Having gently retrieved a seed from the packet fetched inside the left pocket of her strawberry-printed apron, oversized bow drooping, almost untied, in the back, the woman folded the top to prevent spillage and returned the pouch to its hiding place.
“This one is just for you. Be very careful not to drop it.”
As though riding a chariot on the wisps of a gentle May breeze, her words galloped to my ears as I sat perched on my favorite boulder-turned-chair facing Bear Lake.
The young child toddled behind his mother; at least I suspected she was his mother, given the same fairness of complexion and auburn tresses, his erupting in curls which danced in tickle above his shoulders; hers pulled tightly in a knot behind her head.
A unique combination of sun and rain enveloped the three of us that day, though I a stranger to the two. The sun casting its wares from the heavens made the sprinkles glisten, as though diamonds, as they fell from the sky.
Having read the work twice before, yet still enraptured, I strummed through the pages of "A Farewell to Arms."
“Perhaps I will start in the middle this time,” I thought, eyes still half wandering to the mother and her child.
Heeding Mother’s advice, the lad cradled the treasure, what I supposed to be pea-sized, in chubby palms-up cupped hands. Though neither his age nor his gender would bring such an outcome to pass, he transported the embryo of his stewardship as though he himself was mother with child.
Watching from my makeshift chair, mist from the stirring lake mixed with the climate’s perspiration caused beads of moisture to drip from my chin.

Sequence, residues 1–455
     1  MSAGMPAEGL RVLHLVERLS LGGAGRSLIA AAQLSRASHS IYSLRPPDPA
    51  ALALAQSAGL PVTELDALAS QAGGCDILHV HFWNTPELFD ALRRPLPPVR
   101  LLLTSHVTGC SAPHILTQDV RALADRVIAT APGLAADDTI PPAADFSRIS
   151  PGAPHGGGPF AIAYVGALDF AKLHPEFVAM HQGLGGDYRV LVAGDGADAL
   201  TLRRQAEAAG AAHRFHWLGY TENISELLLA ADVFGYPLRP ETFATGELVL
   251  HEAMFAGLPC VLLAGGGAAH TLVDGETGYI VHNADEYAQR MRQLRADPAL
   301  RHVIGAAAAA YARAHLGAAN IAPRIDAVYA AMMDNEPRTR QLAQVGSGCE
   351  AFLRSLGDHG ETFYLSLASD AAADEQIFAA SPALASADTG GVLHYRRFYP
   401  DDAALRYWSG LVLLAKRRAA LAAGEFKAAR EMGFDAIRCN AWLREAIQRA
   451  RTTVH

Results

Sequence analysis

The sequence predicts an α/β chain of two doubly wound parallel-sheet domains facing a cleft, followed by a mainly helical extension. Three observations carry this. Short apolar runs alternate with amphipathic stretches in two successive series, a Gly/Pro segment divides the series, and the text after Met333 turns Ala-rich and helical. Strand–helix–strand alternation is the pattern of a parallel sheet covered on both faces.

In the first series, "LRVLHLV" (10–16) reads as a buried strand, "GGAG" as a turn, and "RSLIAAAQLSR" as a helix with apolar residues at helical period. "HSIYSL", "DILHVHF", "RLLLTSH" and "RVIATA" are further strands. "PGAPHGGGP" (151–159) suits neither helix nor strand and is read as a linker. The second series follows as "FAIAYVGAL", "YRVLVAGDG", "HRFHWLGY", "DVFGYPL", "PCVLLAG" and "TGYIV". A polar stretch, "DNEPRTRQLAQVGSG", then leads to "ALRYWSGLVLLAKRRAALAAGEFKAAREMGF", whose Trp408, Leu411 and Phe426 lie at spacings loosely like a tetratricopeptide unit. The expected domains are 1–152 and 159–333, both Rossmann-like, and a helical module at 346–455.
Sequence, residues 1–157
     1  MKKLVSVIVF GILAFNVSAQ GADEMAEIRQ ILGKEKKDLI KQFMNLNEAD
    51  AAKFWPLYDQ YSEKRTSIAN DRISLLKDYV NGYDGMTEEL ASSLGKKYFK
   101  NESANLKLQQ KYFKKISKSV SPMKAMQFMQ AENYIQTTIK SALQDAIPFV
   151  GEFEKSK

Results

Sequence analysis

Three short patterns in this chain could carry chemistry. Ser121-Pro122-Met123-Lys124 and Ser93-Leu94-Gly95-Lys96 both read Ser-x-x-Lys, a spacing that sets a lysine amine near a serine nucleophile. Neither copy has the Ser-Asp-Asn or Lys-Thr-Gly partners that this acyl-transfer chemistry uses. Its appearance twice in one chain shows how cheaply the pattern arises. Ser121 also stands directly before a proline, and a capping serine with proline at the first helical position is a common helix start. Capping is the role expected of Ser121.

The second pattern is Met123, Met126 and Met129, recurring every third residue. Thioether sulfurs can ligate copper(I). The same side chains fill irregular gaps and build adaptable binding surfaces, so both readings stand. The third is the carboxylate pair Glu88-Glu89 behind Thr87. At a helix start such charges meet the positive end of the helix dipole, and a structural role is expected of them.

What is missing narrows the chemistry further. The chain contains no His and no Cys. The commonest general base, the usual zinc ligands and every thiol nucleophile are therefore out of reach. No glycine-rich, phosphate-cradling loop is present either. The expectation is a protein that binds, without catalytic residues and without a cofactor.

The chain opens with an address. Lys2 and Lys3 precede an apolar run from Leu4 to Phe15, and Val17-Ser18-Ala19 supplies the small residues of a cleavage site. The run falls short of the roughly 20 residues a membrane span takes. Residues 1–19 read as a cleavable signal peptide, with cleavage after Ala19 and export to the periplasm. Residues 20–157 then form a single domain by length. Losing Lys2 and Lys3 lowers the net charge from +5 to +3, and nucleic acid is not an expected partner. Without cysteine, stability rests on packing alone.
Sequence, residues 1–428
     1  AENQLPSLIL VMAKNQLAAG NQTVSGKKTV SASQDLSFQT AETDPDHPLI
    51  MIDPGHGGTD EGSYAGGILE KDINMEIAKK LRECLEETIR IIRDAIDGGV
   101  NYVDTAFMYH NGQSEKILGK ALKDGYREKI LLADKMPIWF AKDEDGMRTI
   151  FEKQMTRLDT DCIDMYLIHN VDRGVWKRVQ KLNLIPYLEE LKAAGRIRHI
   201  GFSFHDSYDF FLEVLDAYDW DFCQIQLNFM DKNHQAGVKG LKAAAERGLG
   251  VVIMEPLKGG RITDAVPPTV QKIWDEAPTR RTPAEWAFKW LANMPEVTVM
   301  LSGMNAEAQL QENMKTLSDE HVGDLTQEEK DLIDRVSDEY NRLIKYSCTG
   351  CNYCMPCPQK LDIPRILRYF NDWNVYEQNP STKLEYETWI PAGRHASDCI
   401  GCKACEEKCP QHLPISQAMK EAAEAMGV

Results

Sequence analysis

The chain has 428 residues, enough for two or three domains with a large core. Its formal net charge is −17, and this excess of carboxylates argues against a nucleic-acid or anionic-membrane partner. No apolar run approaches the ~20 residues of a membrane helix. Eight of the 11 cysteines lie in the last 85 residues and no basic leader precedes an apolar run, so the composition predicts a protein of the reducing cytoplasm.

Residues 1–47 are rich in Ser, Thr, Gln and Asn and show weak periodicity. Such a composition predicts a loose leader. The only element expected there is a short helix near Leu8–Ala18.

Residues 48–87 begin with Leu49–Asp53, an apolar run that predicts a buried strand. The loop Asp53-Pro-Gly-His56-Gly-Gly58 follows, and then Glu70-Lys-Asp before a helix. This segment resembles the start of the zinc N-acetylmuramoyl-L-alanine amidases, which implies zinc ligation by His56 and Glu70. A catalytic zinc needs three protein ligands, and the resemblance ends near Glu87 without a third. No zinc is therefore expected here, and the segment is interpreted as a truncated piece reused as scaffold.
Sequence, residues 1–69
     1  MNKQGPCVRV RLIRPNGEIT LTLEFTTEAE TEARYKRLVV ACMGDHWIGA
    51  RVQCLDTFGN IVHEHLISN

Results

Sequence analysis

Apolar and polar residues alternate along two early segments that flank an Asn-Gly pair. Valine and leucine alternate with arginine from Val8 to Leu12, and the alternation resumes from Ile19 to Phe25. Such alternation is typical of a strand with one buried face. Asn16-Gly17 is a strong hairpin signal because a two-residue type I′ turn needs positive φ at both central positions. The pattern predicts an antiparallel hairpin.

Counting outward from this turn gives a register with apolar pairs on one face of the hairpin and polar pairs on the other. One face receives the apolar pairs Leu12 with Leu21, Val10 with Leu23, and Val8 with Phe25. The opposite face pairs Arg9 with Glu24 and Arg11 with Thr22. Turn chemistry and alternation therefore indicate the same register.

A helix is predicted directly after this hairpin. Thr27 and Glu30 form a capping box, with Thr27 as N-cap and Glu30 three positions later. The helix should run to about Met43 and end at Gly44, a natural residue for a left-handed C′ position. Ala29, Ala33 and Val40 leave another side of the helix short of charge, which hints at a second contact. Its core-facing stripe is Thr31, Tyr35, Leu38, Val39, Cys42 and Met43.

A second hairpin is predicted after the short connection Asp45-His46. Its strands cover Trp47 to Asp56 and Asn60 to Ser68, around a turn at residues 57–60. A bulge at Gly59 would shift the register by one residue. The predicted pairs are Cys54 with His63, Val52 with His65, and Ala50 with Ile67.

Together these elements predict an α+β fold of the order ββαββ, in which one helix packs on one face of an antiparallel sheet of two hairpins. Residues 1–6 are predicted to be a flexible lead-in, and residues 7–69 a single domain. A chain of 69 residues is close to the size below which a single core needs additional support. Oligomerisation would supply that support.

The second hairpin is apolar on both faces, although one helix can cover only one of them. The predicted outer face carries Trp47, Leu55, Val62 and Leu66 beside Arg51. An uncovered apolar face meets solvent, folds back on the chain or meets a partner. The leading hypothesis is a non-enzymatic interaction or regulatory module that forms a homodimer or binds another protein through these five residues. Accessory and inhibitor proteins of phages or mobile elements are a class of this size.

I must protect my treasure and so reached for the freshly pressed white handkerchief in my back pocket and absorbed the wetness.
Mother and son made their way toward a row of garden containers, oblong, square, wooden, plastic hued in testimony to previous plantings: red and white petunias, purple pansies, yellow daisies. The line of flowers formed a colorful boundary to the frontage of the property and separated the waters from the invading their sandaled feet.
A round, not yet filled with sprouts, barrel at the end of the row was chosen at their destination, its height nearly to the young lad’s head. I presumed the crate already filled with soil for I did not witness signs of carting that necessity along.
“What potential lies in the seed they would plant? Is it destined to become a flower like its neighbors, blooming for a season, or was it perhaps a perennial and thus the reason for choosing the largest container?” My thoughts skipped to embrace the possibilities of purpose.
“What if the child should mishap, lose his cargo unwillingly to the ground below? Would the land prove merciful or unyielding to its intent to produce something bigger than itself, something other than what it was now, or would its destiny be forever abandoned, a result of the hands of its steward?”
“As with other life forms, does the potential for good and evil reside within the seed. Are the forces forever at war, each desiring victory? Might the ultimate purpose be thwarted if maliciousness were to tangle itself in its roots? What if the failure to thrive proves contradiction to its destiny? Where would its nourishment derive?”
“And what about the boy? Might demons, seeking opportunity to consummate their mission spread venom, like snakes, and cause him to succumb to the despair of generations previous. In acquiescence, could the clandestine plague inherent in his seed snuff out his brilliant potential through an act of the will?”
Yes, I pondered these thoughts as I watched the boy and his mother in their tasks and experienced a sense of grief when imagining that a seed created to produce a work of beauty may be overcome by a torment also within its bounds, cutting short perennial blooms.
As my eyes scanned the already-known plot and context of the voluminous Farewell which rested on my lap, I wondered if its author, young himself at the time, realized that the impact of his words, the story pictures he created, would live on for generations.
“Go well, young lad, go well.” Chubby hands now perched above the barrel, ready to release cargo into just the right spot in the awaiting soil, my whispered words, spoken as a blessed proclamation of destiny, rode the messenger of the May breeze.
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